Recruiting HR Business Partners

Recruiting HR Business Partners
Published: 18 March 2020

When recruiting for HR Business Partners, and outlining the list of requirements, clients often ask for someone who is ’truly strategic.’  Although on the surface this is simple enough to understand, I thought it was worth exploring what this means for both candidates and recruiters.

The HR business partnering model was developed by Dave Ulrich, a professor from the University of Michigan. Today, this is the default approach to structuring an HR function, especially amongst larger organizations. The HR Business Partner’s role is to work closely with internal stakeholders to develop a people agenda that aligns with, and supports, the overall strategic objectives of the organization. Their individual goal, most importantly, is to become credible with everyone internally; someone whose opinions are asked for listened to and respected.

In essence, successful HR Business Partners need to truly understand all aspects of the business.  They must know their organization’s strategy and needs and be able to determine the skills and individuals that are required to deliver these strategies. HR Business Partners should be continuously thinking about talent and succession planning, and working regularly with senior management to ensure their organization has a pipeline of future leaders. They need to be managing their high potentials, as well as understanding and being able to find the new talent their organization needs. This all equates to being able to design an organization, for the long term, that will end up delivering results for the business.

To achieve the above, an effective HR Business Partner must be able to act as a change agent. As everyone knows, ’change is the only thing that is constant’. The HR Business Partner needs to anticipate, help to design, and then shape organizational change.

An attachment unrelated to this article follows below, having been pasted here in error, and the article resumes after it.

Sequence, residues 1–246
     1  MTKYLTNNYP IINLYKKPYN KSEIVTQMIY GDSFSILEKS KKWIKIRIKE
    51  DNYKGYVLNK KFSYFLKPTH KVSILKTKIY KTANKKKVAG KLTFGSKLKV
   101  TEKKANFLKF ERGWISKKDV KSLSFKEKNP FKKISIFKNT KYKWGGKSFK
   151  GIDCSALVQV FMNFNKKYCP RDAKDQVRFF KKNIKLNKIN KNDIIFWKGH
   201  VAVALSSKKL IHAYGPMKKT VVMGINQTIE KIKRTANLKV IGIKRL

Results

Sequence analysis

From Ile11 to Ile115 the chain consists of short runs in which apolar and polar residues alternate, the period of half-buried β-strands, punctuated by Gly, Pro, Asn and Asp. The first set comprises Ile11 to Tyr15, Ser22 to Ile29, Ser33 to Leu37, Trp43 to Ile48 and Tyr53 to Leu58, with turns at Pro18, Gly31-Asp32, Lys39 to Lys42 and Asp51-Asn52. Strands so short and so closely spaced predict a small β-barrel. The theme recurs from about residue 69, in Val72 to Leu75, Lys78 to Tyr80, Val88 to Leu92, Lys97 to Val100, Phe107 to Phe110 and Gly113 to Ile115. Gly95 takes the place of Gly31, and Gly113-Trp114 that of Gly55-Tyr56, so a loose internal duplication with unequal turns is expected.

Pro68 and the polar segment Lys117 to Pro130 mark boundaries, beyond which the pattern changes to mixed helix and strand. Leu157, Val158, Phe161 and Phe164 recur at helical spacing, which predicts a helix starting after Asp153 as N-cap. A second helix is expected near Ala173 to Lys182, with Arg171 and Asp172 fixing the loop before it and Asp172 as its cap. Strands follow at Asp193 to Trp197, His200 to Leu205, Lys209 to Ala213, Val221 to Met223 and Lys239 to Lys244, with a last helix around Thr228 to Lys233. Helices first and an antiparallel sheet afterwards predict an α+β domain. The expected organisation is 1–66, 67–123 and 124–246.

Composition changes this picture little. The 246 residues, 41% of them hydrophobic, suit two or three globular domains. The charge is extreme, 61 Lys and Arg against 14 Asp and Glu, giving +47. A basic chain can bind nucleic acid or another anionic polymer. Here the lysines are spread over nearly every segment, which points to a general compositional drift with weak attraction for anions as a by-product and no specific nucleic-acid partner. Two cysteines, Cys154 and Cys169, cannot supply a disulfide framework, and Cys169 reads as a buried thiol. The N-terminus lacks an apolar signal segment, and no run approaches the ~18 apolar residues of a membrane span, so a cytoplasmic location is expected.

For people who feel that they are stuck in a more operational HR role and want to progress, as a starting point I would suggest you don’t wait for the business to come to you with simple questions around holidays or pay. Instead, be proactive and go to the business with new thoughts and perspectives. Although this can be a difficult step to take, if you are confident in both your understanding and ideas, you will earn that respect and in return, you will notice questions will start to be asked that are not simply around transactional HR policies.

When talking to an organization in need of a strategic HR Business Partner, candidates need to demonstrate that they have a trusted advisor relationship, are involved in all aspects of talent management and development, and understand the business they work for. The company is targeting someone who will work with them on solving problems and finding solutions, in order to drive the business forward.

For more information on anything discussed in this article or on HR leadership please contact Brian Watson, Partner in the Human Resources practice at Berwick Partners. Brian recruits HR positions at Berwick Partners, advising clients on the best talent in the market. 

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